But the point is, for a nearly seventy year old house, it is still standing and in pretty good nick and it has not been painted since dad last did it in the mid seventies. He sold it in the early eighties.

 

Of course it was not insulated at all and we are talking in the Wellington hills. It was always a very cold and slightly damp house even when dad ran the coal fire. But mum had installed very heavy drapes and all beds had about 5-6 blankets on them and you rugged up and wore jumpers. I did not experienced really warm accommodations till I first went to boarding school in Masterton.

 

Mmmmm so these new homes, I can not see lasting past the 30 year mark without extensive work needing to be done.





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  # 2281292 22-Jul-2019 11:57
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Capitalism is the key motivator. Why supply a product that lasts beyond a consumer's horizon?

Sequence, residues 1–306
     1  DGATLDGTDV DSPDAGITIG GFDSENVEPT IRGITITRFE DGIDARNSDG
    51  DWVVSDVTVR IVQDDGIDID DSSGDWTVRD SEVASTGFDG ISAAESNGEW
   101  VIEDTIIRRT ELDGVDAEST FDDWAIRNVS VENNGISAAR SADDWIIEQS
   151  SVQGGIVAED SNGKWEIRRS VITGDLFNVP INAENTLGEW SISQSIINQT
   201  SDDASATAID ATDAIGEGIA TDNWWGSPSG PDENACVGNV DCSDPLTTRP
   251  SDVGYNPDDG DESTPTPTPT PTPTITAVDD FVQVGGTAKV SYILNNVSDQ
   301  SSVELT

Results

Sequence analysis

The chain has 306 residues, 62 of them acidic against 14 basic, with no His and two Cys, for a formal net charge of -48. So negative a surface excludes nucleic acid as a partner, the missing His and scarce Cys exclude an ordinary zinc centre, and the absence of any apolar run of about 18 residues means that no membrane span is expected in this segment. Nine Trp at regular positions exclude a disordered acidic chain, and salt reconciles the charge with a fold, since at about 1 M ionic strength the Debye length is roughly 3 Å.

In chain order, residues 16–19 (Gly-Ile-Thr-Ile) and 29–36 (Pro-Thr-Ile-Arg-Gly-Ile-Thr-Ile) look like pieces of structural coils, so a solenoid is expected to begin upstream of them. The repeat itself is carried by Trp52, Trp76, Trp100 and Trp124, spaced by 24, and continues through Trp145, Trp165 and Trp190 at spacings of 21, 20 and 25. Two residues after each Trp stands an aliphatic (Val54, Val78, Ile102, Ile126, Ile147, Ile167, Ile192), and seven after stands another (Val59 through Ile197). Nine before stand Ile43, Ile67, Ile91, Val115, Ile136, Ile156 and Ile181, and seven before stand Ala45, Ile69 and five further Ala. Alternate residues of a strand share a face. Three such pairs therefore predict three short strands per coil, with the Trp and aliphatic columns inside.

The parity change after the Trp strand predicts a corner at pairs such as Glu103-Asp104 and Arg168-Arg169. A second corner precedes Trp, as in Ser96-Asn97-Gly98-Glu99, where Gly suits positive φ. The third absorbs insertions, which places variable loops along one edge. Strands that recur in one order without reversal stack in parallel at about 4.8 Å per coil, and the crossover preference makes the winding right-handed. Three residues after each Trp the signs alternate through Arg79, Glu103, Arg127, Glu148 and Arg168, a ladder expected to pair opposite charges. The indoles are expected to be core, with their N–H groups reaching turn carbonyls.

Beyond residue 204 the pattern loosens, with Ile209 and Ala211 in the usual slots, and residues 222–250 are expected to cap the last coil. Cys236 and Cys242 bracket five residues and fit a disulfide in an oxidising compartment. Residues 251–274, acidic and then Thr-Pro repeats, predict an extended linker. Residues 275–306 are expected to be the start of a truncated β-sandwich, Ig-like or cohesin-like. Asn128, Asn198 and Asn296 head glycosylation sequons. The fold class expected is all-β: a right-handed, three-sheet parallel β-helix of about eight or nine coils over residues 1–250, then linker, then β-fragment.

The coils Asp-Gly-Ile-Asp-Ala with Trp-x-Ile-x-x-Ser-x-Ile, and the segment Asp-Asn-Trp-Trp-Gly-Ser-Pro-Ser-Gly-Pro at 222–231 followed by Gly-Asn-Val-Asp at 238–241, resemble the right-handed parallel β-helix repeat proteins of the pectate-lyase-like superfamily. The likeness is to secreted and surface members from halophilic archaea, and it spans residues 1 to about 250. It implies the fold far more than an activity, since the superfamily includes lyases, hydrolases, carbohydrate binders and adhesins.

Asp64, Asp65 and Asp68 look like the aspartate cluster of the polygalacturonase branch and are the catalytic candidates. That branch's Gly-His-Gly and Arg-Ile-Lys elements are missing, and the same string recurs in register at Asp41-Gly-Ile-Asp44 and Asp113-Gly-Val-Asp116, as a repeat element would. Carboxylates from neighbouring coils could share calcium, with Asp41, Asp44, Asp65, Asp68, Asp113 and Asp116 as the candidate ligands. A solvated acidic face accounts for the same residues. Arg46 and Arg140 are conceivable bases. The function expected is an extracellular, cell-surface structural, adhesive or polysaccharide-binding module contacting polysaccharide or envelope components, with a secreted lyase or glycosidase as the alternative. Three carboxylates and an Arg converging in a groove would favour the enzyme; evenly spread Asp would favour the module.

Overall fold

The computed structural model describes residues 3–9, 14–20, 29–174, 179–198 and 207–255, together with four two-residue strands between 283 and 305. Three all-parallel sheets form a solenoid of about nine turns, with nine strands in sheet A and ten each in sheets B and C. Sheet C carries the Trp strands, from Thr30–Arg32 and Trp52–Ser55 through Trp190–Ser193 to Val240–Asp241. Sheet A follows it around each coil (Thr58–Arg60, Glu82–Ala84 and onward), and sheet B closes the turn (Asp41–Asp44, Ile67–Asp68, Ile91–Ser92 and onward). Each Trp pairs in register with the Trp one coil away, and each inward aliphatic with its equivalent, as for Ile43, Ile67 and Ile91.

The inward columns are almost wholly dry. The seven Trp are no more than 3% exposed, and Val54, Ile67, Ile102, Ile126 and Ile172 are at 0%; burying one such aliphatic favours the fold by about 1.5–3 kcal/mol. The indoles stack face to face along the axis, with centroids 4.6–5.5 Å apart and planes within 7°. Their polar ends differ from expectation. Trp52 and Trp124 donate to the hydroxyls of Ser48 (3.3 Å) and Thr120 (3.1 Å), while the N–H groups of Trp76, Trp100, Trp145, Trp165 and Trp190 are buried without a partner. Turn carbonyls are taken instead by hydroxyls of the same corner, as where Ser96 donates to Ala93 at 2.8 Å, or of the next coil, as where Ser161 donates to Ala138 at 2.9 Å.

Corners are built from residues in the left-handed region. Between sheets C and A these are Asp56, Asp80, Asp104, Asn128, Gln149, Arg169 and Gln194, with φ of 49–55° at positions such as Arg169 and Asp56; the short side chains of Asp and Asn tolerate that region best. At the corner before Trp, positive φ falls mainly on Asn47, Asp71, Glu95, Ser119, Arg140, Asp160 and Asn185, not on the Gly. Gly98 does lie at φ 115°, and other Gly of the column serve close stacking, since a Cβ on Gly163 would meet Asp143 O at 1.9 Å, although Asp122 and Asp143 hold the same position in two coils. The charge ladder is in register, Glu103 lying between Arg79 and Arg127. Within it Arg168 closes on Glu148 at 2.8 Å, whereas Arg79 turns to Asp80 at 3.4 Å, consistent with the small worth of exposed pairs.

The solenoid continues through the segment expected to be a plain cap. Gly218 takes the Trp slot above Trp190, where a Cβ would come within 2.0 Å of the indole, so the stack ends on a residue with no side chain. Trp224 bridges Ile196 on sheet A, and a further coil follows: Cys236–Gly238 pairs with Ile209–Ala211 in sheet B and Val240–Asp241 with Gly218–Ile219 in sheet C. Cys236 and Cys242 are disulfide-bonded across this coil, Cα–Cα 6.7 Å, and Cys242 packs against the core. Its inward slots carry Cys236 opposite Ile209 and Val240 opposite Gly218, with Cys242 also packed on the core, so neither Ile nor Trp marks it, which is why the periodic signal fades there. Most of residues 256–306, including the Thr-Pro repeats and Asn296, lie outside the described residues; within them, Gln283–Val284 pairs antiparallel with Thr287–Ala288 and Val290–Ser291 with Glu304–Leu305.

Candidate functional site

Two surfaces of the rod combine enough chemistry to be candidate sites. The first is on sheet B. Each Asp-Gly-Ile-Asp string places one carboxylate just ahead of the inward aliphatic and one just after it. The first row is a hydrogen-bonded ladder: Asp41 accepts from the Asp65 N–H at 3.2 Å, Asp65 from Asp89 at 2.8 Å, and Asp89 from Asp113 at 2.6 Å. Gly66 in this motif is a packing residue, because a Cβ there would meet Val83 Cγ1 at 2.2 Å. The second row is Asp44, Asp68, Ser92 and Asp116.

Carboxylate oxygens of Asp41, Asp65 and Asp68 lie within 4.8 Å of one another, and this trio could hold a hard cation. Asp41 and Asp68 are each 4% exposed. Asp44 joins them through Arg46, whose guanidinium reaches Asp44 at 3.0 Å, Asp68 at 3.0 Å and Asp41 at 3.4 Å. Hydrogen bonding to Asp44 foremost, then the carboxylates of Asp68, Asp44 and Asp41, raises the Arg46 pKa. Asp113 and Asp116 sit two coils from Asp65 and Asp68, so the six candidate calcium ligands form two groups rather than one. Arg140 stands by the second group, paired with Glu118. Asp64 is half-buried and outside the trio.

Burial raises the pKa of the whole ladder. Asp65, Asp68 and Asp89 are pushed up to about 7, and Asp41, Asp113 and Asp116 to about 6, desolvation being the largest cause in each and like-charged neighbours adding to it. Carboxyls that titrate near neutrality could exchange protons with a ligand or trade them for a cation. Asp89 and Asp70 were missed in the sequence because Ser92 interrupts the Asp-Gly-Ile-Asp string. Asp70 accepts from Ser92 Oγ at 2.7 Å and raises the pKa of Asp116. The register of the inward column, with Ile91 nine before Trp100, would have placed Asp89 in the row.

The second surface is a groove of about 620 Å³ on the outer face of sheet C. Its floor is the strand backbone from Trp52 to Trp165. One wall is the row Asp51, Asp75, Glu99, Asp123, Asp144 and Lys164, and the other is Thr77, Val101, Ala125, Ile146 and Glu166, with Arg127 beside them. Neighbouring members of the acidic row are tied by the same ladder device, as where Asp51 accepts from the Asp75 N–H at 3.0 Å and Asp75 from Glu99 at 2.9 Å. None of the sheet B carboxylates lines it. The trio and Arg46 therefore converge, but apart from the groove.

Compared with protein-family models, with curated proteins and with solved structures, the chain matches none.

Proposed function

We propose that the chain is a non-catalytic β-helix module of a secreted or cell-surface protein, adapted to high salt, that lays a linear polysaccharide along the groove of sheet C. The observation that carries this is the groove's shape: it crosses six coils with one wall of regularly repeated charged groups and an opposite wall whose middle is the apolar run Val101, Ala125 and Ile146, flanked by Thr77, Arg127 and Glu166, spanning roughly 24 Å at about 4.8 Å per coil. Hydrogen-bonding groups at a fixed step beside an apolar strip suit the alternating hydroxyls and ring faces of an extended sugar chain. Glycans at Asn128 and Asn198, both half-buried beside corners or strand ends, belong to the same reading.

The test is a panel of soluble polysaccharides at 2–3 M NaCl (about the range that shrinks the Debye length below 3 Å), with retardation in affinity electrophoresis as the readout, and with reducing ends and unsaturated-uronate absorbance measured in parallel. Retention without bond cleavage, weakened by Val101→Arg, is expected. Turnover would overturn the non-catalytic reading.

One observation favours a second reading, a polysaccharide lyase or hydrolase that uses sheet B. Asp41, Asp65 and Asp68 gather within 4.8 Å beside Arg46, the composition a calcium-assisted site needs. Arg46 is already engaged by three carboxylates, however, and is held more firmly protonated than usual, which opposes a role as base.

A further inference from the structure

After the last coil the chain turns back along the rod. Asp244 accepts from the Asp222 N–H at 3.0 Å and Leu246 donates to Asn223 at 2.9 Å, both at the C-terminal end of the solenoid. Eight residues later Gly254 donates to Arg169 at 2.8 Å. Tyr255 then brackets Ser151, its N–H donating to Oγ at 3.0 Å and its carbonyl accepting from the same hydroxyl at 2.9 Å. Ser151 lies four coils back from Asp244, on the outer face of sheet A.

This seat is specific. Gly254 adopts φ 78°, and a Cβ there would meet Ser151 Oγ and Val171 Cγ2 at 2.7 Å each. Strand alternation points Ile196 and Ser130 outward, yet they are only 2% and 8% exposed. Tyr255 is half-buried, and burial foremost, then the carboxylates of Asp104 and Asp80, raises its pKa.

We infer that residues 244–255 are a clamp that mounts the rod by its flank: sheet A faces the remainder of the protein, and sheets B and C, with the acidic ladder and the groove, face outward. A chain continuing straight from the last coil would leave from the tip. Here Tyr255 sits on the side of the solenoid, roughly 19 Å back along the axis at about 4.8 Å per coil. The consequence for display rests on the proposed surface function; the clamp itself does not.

Accountants step up with their spreadsheets & demonstrate how much more profit is available from selling balsa wood & toilet paper building materials that will hopefully last a few years vs solid traditional product that lasts beyond the term of the mortgage.

Besides, there's always local councils available to pick up the tab for leaky homes.




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  # 2281301 22-Jul-2019 12:38
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Unless it can be recycled what is the point for a lot of houses?

There's a YouTube video by an Auckland carpenter doing a retaining wall and steps using Tanalised timber. The comments by European viewers are fixated on the "short" life (50yrs+) of this material compared with concrete completely ignoring the multi-storied apartment block close to the house. In Auckland that house's value is in the land it sits on. I'd be surprised if it wasn't redeveloped inside 10 years.